Two weeks to go now until the U.S. presidential election. Two weeks for Barack Obama and Mitt Romney to win over those undecided American voters.
Of course, Monday night was the their final debate - this one focusing on foreign policy.
They talked about the usual suspects - China, Israel, Iran, Syria, Libya, Afghanistan, Pakistan, and Islamic extremists.
But in a debate about foreign policy, there wasn't a lot said about foreign aid - particularly with respect to Africa.
At one point, Mitt Romney argued that U.S. aid should be targeted toward allies of the United States and countries who are moving toward democracy.
"The right course for us is to make sure that we go after... these jihadists, but also help the Muslim world... We should key our foreign aid, our direct foreign investment, and that of our friends, we should coordinate it to make sure that we -- we push back and give them more economic development."
But beyond that, there wasn't a whole lot more.
How much America should spend? Should it reduce foreign aid or spend more? Where should the money go? Is it a time for a rethink on how the U.S. hands out foreign aid?
So, why didn't any of that come up? Well, perhaps foreign aid isn't a priority for many Americans right now - not with the U.S. economy still struggling.
And as many analysts have noted, foreign policy won't decide the election. It's all about the economy.
That doesn't mean foreign aid doesn't matter. It matters a lot.
But how much do Americans really know about it or how much their government spends?
The global organization ONE (which was co-founded by Bono) spent 48 hours asking everyday Americans what they thought about U.S. Foreign Aid.
Here's the video. It's worth a look.
And see if you know the answers to the questions. It's amazing how knowledge can change perceptions.
As for Canada, in the 2009/10 fiscal year, the federal government set aside $5 billion for foreign aid.
That works out to 0.34 per cent of our Gross National income.
In 1969, former Prime Minister Lester Pearson headed a UN commission, which called for governments to spend 0.7 per cent on foreign aid.
More than 40 years later, Canada has never hit that target. The closest we came was 0.5 per cent in 1986-87 under Prime Minister Brian Mulroney.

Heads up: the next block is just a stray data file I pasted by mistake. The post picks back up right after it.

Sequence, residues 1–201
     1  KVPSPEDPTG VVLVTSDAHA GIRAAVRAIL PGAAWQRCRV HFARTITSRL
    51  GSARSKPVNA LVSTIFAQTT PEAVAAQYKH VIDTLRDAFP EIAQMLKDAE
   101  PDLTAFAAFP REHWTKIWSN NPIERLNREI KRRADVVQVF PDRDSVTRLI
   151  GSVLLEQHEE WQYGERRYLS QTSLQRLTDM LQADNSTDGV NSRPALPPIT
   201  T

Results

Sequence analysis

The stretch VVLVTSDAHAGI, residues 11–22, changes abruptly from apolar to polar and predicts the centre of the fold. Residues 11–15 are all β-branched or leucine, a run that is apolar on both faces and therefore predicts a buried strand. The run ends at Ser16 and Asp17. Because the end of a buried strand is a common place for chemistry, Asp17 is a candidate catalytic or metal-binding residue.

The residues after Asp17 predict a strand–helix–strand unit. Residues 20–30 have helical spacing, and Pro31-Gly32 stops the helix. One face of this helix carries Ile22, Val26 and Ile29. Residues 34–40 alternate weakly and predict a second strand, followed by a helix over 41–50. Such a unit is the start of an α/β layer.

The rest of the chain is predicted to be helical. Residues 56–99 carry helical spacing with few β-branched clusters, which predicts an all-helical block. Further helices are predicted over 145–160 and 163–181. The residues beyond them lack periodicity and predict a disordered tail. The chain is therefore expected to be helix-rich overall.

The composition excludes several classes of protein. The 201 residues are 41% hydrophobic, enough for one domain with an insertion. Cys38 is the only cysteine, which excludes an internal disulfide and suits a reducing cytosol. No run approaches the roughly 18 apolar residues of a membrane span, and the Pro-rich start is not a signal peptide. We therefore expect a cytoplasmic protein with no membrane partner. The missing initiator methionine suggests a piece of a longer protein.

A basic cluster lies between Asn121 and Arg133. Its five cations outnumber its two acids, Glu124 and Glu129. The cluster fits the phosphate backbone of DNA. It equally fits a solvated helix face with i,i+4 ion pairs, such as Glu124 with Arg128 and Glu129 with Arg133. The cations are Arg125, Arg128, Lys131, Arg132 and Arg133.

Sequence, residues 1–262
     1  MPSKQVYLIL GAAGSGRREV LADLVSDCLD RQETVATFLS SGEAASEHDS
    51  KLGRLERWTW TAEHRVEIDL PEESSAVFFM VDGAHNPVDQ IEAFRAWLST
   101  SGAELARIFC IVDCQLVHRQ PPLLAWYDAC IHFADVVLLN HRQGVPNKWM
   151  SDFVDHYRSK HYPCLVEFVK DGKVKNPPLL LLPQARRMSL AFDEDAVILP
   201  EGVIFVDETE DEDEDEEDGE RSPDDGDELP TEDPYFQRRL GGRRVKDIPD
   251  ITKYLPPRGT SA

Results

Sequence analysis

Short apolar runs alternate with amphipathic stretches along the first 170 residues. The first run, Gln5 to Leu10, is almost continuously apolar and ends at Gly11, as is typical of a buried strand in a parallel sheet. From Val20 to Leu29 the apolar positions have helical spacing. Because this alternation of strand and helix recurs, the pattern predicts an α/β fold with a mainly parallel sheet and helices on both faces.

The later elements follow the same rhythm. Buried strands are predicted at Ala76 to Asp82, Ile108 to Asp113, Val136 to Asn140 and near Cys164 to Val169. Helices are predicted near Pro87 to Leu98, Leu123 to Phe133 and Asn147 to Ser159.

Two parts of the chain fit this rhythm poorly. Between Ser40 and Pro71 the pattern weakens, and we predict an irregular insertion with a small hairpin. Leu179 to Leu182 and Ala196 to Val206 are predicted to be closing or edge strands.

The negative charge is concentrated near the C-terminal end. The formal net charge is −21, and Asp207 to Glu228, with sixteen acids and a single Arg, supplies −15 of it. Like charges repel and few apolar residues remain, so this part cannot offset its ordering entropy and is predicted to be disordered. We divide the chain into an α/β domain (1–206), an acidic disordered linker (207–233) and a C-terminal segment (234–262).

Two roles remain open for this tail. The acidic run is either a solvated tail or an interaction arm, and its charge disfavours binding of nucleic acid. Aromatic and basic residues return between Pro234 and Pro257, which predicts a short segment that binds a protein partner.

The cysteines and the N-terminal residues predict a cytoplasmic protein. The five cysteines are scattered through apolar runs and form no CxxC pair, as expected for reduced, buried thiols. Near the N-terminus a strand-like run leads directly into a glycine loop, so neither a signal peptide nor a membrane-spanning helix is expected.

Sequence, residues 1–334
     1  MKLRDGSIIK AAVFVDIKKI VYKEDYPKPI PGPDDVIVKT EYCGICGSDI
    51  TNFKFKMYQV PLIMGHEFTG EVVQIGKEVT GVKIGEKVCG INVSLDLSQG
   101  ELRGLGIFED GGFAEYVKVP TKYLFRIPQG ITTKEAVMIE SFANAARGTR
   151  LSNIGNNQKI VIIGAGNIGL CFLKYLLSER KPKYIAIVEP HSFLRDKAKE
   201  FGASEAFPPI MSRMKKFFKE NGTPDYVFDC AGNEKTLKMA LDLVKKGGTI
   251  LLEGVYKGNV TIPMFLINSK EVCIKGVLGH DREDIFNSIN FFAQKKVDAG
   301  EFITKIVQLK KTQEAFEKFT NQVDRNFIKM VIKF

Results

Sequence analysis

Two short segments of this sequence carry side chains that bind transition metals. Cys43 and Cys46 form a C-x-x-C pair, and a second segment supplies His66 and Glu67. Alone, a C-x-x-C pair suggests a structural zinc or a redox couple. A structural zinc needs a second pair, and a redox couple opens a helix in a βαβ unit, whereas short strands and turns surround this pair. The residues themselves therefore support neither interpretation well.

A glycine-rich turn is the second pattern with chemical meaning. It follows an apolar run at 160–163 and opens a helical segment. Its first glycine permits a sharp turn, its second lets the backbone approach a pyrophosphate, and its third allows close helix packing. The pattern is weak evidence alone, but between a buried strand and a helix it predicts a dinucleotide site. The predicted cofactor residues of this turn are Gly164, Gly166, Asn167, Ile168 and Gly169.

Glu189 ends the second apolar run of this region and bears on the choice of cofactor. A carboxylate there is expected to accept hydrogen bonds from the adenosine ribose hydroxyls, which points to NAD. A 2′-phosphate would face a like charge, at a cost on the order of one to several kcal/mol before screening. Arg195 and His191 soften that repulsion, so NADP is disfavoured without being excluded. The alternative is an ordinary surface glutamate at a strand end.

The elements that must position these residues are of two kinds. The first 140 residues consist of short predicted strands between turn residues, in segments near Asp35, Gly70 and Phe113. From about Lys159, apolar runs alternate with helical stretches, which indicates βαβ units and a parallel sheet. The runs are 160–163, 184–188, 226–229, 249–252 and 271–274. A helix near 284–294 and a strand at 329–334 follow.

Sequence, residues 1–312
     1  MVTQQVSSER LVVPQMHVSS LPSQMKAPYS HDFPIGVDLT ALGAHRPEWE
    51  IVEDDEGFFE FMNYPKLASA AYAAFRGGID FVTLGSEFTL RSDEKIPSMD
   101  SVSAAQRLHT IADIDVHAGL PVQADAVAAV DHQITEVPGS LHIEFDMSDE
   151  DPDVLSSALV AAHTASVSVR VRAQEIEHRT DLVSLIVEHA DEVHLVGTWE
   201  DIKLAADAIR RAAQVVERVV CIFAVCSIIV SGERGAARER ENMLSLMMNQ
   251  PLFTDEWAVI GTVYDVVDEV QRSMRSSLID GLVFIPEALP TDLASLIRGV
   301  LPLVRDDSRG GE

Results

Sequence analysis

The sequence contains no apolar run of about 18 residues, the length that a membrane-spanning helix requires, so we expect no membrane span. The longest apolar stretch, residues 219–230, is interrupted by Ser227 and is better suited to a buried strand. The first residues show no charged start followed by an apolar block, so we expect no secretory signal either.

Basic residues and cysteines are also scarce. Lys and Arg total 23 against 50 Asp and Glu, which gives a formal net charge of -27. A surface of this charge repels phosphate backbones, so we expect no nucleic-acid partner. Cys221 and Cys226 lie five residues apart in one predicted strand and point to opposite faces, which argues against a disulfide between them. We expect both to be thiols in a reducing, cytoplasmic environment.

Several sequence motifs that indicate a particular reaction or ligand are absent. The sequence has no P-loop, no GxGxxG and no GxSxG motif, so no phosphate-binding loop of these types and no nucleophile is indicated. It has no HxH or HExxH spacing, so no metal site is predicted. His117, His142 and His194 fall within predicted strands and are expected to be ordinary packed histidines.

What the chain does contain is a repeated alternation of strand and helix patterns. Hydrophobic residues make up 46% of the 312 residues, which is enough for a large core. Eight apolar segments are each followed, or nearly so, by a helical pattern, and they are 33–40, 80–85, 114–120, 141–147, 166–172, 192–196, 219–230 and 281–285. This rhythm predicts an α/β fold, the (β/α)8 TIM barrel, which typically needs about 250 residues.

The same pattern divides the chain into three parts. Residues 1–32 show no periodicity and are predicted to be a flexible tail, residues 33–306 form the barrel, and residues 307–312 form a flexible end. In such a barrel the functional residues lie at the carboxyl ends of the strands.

In the 90s, foreign aid was cut sharply under Prime Minister Jean Chretien, dropping to 0.25 per cent by 2000.
As of 2010, Canada ranked 14th in the world well behind countries such as Norway - who was first with aid at 1.1 per cent of its GNI.
Two years ago, Prime Minister Stephen Harper promised to freeze aid at $5 billion a year for five years.
But now, the government is planning to cut it by $800 million over the next three years, as it tries to reduce the federal deficit.
However, some of Canada's allies are planning to increase foreign aid. British Prime Minister David Cameron is proposing a 37 per cent increase by 2015.
In Australia, the government is planning a similar increase from $4.8 billion a year to $8 or $9 billion by 2015.
"These allies realize that aid is a crucial investment in a more stable world," says Mark Fried, policy co-ordinator at Oxfam Canada.
As he puts it, "investing now in the resilience and prosperity of poor communities will not only save lives, but cost us less in the medium term by helping reduce the risk of conflict, disease and despair."
Charles Kenny is a fellow at the Center for Global Development and the New America Foundation.
In this piece, he argues that if the U.S. were to spend $150 billion a year on foreign aid, it would make a huge difference in the developing world.
He says $150 billion would be enough to ensure that no one in the world lived in absolute poverty.
It would also cover much of the cost of anti-retroviral drugs for Africans with HIV/AIDS for the next 30 years. And it could help Africa adapt to the impact of climate change.
Trouble is, the U.S. doesn't spend anywhere near $150 billion a year - it's more like $30 billion, according to a 2010 report by the Organization for Economic Co-operation and Development.
That's about 0.2 per cent of U.S. gross domestic product.